Black Deathby Phillip Ziegler
Described by the Guardianwhen it was first published as 'as exciting and readable account as you could wish', this new edition of the major study on the subject is illustrated by over seventy contemporary black and white illustrations. The text and pictures together offer vivid insights into this unparalleled human disaster: it is a book which will be as much wanted by the general reader into fourteenth century history as by a specialist; its fully documented economic, historical and social details complemented by this acclaimed author's accessible style.
- Sterling Publishing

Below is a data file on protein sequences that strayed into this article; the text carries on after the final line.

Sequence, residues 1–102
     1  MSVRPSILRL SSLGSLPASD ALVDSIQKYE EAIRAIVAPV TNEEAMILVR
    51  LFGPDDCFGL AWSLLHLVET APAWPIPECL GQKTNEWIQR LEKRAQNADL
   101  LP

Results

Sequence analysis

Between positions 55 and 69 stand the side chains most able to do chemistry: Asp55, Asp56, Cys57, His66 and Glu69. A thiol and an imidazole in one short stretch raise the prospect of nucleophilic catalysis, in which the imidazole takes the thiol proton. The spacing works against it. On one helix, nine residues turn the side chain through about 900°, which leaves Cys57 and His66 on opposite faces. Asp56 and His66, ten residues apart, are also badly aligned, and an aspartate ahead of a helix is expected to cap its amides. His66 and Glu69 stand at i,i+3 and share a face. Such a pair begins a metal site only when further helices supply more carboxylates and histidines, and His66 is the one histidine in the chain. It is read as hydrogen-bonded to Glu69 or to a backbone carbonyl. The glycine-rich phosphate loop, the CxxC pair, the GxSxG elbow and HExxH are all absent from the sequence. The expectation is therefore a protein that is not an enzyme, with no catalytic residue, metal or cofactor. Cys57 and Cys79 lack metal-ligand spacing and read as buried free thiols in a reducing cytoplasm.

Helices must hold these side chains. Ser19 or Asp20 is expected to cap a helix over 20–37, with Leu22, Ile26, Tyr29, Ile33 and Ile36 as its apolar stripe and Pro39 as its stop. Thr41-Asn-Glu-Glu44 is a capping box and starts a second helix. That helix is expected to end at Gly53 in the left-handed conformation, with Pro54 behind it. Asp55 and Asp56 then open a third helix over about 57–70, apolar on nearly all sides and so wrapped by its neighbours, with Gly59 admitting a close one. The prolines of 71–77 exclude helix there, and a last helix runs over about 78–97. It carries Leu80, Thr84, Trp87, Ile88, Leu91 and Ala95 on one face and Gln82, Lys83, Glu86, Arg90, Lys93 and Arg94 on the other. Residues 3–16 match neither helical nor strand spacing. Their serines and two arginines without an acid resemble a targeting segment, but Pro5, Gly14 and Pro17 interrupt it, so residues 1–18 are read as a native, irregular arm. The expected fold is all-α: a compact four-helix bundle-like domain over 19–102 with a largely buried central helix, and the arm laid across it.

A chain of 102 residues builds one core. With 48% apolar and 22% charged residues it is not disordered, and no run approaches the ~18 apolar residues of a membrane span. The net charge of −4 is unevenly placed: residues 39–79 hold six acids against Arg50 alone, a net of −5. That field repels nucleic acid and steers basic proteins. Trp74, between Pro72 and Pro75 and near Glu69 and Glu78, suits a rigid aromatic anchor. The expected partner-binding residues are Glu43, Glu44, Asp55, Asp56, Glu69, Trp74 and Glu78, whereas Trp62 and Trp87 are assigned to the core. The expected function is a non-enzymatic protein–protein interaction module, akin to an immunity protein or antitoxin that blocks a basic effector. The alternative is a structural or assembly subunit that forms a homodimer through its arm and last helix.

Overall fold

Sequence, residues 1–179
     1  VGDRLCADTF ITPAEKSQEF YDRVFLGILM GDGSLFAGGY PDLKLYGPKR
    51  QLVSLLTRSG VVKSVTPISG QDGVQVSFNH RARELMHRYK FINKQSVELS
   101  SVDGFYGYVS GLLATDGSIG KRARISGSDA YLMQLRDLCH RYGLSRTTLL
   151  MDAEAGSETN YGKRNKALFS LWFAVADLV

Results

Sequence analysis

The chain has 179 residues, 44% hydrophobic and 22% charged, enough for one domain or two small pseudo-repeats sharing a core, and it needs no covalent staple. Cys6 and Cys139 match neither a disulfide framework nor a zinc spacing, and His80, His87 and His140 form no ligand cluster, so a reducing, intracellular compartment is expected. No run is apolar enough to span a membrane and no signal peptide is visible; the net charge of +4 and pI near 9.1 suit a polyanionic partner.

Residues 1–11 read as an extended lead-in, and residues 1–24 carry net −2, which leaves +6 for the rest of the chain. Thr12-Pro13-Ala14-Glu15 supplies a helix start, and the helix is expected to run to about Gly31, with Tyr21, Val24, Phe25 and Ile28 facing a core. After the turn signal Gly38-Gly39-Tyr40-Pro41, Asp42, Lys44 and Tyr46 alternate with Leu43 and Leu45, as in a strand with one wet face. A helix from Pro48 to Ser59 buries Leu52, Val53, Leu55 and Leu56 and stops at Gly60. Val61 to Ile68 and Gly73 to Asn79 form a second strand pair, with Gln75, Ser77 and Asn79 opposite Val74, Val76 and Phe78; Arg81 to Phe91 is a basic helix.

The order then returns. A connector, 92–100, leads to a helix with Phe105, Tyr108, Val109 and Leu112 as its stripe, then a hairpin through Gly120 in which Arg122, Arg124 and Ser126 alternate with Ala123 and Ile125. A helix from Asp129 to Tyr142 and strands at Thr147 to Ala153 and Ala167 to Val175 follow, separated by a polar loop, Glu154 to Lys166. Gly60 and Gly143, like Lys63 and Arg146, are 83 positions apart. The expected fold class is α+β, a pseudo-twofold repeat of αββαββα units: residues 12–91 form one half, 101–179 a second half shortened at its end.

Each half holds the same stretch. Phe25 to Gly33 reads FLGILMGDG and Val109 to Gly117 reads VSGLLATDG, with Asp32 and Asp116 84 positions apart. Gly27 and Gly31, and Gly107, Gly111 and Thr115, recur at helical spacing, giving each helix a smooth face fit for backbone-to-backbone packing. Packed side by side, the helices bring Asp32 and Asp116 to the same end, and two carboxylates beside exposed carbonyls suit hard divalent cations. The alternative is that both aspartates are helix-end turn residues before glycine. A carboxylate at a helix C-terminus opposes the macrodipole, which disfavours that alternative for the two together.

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Philip Ziegler's history of the plague that struck Europe in the fourteenth century is a great academic piece. He examins many aspects of the era, always prodding for the cause and effect results. His use of the fictional town in the book does not retract from his overall success, but rather enhances the readers enjoyment of it. His conclusions of the effects the plague had on the Church are generally well thought out and correct, but I do take issue with one of his assertions. He states, possibly off the cuff, that the plague in some way made man question transbustantiation of the eurcharist. I'm not 100% sure of this assertion or his ability to prove it. The arguement over transubstantiation seems to really come out of the sixteenth century, when a large body of religiously minded clerics and priests began to question the doctrine. He uses many statistics which give weight to his arguement, but also makes it dry at times. This book is quite useful for academic purposes, but I do not believe everyday history buffs will like the work entirely. Ziegler's greatest accomplishment is how he presents the plague's effect on people, culture, class, and order. The medieval mind was much more complicated, as he points out, and was subject to the terrors of the plague. It was a turning point in history, not because it made revolutions, but because it planted the seeds of questioning and discord. The plague did not lead to the problems which faced Europeans after 1349, but played an instrumental role in those challenges. Overall this is a good book and one that serves well the historical discussion on the plague.